Section: Partnerships and Cooperations

Regional Initiatives

DATASAFE (Understanding data accidents for traffic safety). PI: M.L. Delle Monache (2018-2019)

DATASAFE is a two years project funded by Grenoble Data Institute, with the aim to understand from real traffic data the behavior of traffic in the moments preceding an accident. The general approach is to use novel statistical techniques in order to learn traffic characteristics that can be used to develop new traffic models. Bayesian approaches are used to (supervised) classification and (unsupervised) clustering in order to respectively predict collision occurrences and discover traffic patterns.

MAVIT (Modeling autonomous vehicles in traffic flow). PI: M.L. Delle Monache (2018-2019)

MAVIT is a two year project funded by the University Grenoble Alpes, MSTIC department. The goal of this project is to develop a unified micro-macro approach for traffic management, involving human and autonomous vehicles drivers by providing analytical and numerical tools for traffic modeling, estimation and control. We will work towards field operational tests, by using instrumented cars to collect data on AVs trajectory and their interaction with the traffic flow with human drivers. The proposed research provides new mathematical models, computational/software tools, and engineering solutions for the control of human controlled vehicles via intelligently controlled AVs in the traffic stream. Moreover, the control of traffic via moving actuators provides a new alternative to contemporary control technologies, such as ramp metering and variable speed limits; even when AVs comprise a tiny fraction of the total fleet, these techniques may be viable, and rapidly configurable. This research considers new types of traffic models, new control algorithms for traffic flow regulation, and new sensing and control paradigms that are enabled by a small number of controllable systems anticipated in a flow. Specifically, the research focuses on new (1) micro-macro models to model few AVs in a flow; (2) estimation techniques for AV interactions with the traffic flow; (3) developing and assessing dynamical controllers to mitigate traffic events

SPACE (NanoSatellite Project: Advanced modelling and Control of attitude dynamics for quantum communication). PI: H. Fourati (2018-2019)

SPACE is a two-year project funded by the IDEX University Grenoble Alpes. It aims to launch an exploratory study to find the required minimal data we need to collect and combine for software design of Nanosatellite Attitude Determination and Control System (ADCS).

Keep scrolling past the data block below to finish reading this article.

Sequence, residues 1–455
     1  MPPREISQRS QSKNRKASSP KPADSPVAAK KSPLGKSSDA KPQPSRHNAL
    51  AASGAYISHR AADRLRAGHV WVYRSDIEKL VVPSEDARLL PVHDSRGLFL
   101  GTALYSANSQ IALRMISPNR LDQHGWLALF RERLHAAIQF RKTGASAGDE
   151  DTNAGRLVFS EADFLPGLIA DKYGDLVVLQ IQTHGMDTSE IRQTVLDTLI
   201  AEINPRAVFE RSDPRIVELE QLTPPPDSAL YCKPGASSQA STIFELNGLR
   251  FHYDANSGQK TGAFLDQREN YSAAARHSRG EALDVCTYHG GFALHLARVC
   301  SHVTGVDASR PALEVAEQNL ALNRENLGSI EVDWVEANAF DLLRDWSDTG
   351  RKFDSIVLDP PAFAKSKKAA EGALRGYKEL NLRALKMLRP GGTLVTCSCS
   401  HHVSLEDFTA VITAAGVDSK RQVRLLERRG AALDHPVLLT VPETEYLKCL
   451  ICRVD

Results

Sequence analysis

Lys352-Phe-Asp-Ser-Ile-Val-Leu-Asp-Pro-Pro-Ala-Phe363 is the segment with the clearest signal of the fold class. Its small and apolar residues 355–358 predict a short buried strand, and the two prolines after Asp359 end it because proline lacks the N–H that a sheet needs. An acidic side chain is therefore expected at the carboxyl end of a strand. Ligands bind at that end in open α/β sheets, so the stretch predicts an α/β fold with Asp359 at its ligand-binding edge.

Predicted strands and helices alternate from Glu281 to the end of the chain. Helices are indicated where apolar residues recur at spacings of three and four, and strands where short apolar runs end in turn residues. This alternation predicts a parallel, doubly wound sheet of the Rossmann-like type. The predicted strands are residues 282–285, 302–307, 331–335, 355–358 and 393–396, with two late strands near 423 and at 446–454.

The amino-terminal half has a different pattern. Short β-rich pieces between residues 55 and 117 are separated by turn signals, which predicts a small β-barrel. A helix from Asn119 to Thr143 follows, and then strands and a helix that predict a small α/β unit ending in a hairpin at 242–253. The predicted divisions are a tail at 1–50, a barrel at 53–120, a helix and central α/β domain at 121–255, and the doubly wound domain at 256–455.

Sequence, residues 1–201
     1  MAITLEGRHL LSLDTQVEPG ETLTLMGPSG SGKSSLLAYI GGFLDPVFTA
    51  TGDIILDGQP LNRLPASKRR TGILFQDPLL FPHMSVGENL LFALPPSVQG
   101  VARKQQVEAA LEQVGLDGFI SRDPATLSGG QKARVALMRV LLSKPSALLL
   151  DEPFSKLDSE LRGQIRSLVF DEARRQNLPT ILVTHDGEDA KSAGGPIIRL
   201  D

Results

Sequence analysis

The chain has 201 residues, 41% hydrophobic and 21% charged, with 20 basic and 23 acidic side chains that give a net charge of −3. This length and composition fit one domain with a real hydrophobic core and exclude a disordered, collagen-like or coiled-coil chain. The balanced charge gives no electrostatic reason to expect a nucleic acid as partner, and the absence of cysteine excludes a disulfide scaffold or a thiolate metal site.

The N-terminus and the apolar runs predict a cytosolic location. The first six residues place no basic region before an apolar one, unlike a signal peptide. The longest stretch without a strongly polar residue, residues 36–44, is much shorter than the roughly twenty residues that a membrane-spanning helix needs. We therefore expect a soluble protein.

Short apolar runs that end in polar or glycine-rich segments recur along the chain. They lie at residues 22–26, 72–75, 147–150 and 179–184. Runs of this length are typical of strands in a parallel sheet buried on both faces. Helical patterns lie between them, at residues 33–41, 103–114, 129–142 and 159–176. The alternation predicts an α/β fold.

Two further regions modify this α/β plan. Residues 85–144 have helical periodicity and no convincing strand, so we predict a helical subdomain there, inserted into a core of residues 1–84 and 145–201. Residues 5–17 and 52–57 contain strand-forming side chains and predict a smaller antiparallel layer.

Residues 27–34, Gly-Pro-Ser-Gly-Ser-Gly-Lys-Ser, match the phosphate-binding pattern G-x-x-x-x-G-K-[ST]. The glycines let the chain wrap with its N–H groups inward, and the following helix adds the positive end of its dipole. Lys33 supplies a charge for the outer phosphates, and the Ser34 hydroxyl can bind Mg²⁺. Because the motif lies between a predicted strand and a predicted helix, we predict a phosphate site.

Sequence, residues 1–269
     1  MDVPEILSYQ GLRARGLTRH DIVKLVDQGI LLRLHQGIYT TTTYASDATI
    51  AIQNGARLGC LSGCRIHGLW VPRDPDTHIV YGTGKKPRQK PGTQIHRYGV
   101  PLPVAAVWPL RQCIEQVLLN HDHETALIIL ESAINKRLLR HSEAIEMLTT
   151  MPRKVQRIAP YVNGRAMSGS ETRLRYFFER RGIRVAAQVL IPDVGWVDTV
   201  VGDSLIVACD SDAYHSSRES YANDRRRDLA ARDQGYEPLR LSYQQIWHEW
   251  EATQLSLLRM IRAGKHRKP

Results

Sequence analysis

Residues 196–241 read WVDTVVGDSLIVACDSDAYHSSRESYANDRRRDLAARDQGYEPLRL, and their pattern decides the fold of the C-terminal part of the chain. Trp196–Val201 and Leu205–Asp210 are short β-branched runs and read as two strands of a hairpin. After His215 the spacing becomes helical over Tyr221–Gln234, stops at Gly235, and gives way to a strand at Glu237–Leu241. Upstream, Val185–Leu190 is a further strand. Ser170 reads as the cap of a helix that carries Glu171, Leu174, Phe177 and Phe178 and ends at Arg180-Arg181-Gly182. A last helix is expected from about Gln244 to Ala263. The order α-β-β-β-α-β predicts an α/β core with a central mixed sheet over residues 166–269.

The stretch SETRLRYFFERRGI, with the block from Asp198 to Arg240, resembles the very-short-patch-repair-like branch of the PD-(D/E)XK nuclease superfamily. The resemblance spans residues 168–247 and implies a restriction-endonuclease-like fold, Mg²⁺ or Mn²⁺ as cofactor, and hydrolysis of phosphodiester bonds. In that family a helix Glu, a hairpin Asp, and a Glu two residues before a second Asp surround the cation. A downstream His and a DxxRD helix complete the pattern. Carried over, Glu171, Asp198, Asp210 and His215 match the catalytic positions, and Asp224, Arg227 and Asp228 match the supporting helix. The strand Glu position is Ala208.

CAPTIMOVE (CAPture et analyse d’acTivités humaInes par MOdules inertiels : vers une solution adaptée à la naVigation multimodalE urbaine intelligente). PI: H. Fourati (2018-2019)

Mobility is currently evolving in urban scenarios and multimodality today is the key tomore efficient transportation. It is important to analyze the ecological impact of the varioustransportation modes, to be able to detect the mode used by the commuter and the rule usedto switch from one mode to another. The ultimate goal is to suggest smarter itineraries tocommuters. To this purpose, detection and classification of activities in human mobility fromhis principal residence to his destination (for example, place of work, place of entertainment,etc.) is an important study to carry out. We aim to identify, with high precision, the natureof the transportation modes used during the day (walking, cycling, public transportation, car,etc.) as well as transitions from one mode to another. To reach this goal, we will use inertial and attitude modules, embedded in most inertial units, connected watches and smartphones.These technological tools constitute truly innovative and promising instrumentation for bothnon-invasive automatic capture information in situ, over extended periods, only for accurateand reliable analysis of activities of a person during his/her trip. In terms of research, we willexploit techniques from Machine Learning and state estimation to address this issue. A studyshall be conducted to determine the type, number and location of sensors to be used., Issuesrelated to the quality of data to be provided to algorithms and how to detect and discarderroneous ones from our computation process, will be also addressed. This research finds itsmajor future interest later in the development of a multimodal intelligent navigation systemfor indoor and outdoor environments. These results, once obtained, can also be used to studyand analyze the behavior (choice) of users regarding pedestrian navigation (walking) or theuse of modes of transport (convenience, cost, speed, safety and more and more frequentlyeffects on the environment) or respect for the privacy of individuals (dynamic anonymizationof data while retaining their usefulness).